NACA and agricultural-chemical manufacturers embarked on a long campaign of misinformation to discredit Silent Spring and the anti-DDT movement. Two chemists at the American Cyanamid Company, Thomas H. Jukes, later professor of medical physics at the University of California, Berkeley, and Robert H. White-Stevens, later professor in the Bureau of Conservation and Environmental Science at Rutgers University, led attacks on Carson, particularly for her criticisms of DDT. Jukes and White-Stevens seized upon the Audubon Society’s Christmas Bird Count, held annually since 1900 and published in American Birds, to assert that bird populations had actually increased since the introduction of DDT and chemical pesticides. “Thus robins,” claimed White-Stevens, “over which Miss Carson despairingly cries requiem as they approach extinction, show an increase of nearly 1200% over the past two decades” (White-Stevens 1963, cited in Clement 1972, 446). Widely picked up by agricultural newsletters and newspaper columns, the Bird Count argument was not published in a scientific journal until 1964, when scientists quickly refuted it.
In 1971, Jukes published “D.D.T., Human Health, and the Environment” in Environmental Affairs, charging that banning DDT would create a global prejudice against the chemical that would cause the collapse of the antimalarial campaign and cost human lives. The World Health Organization had insisted for years that DDT was the only cost-effective means to control malaria-carrying mosquitoes. However, already by the early 1970s mosquitoes were everywhere acquiring resistance to DDT due to its overuse in agriculture. WHO reluctantly stopped using DDT against malaria, but not because of Silent Spring.
Nevertheless, American conservatives and libertarians have quite successfully circulated the argument that Carson had provoked a ban on DDT that caused the deaths of millions. A character in Michael Crichton’s 2004 novel State of Fear stated the banning of DDT killed more people than Hitler did, a claim that has spread across the Internet. Articles in such conservative publications as Forbes, Capitalism Magazine, The Washington Times, National Review, and Reason attacked Carson. The libertarian advocacy group Competitive Enterprise Institute created the website RachelWasWrong.org.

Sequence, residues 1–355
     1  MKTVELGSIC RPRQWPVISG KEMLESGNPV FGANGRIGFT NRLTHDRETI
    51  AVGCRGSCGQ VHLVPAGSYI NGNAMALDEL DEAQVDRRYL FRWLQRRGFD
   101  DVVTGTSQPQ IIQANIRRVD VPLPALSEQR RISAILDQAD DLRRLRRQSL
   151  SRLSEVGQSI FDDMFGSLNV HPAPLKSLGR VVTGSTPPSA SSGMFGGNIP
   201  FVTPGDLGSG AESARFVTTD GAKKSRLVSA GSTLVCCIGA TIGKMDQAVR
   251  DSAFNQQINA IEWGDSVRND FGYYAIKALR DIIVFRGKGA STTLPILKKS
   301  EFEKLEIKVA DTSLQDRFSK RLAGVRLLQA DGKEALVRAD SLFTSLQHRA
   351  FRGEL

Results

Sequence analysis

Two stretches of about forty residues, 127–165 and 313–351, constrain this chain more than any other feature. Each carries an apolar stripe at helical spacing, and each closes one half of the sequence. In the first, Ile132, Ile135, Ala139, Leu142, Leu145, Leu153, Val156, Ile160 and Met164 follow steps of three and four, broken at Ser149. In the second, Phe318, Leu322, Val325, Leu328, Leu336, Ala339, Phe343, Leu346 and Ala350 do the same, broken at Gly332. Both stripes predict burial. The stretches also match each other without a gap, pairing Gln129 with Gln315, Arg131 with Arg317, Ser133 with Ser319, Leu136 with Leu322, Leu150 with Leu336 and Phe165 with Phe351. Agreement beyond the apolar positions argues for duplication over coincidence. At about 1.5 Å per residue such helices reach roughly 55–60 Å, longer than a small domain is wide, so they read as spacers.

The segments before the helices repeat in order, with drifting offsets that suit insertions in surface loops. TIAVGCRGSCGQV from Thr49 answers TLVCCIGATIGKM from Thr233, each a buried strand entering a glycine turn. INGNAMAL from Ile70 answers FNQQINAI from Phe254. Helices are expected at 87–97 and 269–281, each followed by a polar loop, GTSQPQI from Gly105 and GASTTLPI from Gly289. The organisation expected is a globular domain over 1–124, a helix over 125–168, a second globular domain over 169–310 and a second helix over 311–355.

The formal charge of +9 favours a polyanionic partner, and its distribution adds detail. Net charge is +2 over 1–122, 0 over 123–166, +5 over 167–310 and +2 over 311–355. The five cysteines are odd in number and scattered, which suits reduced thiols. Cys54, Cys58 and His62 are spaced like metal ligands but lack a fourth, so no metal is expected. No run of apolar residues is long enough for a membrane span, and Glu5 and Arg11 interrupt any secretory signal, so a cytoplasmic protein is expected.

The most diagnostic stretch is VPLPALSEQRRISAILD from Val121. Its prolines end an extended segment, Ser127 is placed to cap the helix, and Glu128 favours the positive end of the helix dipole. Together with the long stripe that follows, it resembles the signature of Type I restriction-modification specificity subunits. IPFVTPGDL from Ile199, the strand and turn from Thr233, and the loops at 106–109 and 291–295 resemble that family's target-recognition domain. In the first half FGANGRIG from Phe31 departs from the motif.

The accusation that Silent Spring indirectly killed millions of Africans flooded the Internet in 2007, the centennial of Carson’s birth. The libertarian think tanks American Enterprise Institute and the Cato Institute praised DDT and attacked Carson for maligning an extremely useful and innocuous chemical. The success of this campaign can be measured in the brief spate of articles in the mainstream American media that picked up the charge.
That these assertions are easily disproved is beside the point. The purpose of the campaign was not to rehabilitate DDT, which actually is only banned in the US. The goal was to undermine confidence in government regulation in general by convincing people that regulation of DDT was disastrous. As Naomi Oreskes and Erik M. Conway have shown in their book Merchants of Doubt: How a Handful of Scientists Obscured the Truth on Issues from Tobacco Smoke to Global Warming, corporations have used methods developed to counter the science of smoking and health to spread doubt about science and regulation in connection with DDT, acid rain, ozone depletion, and global warming.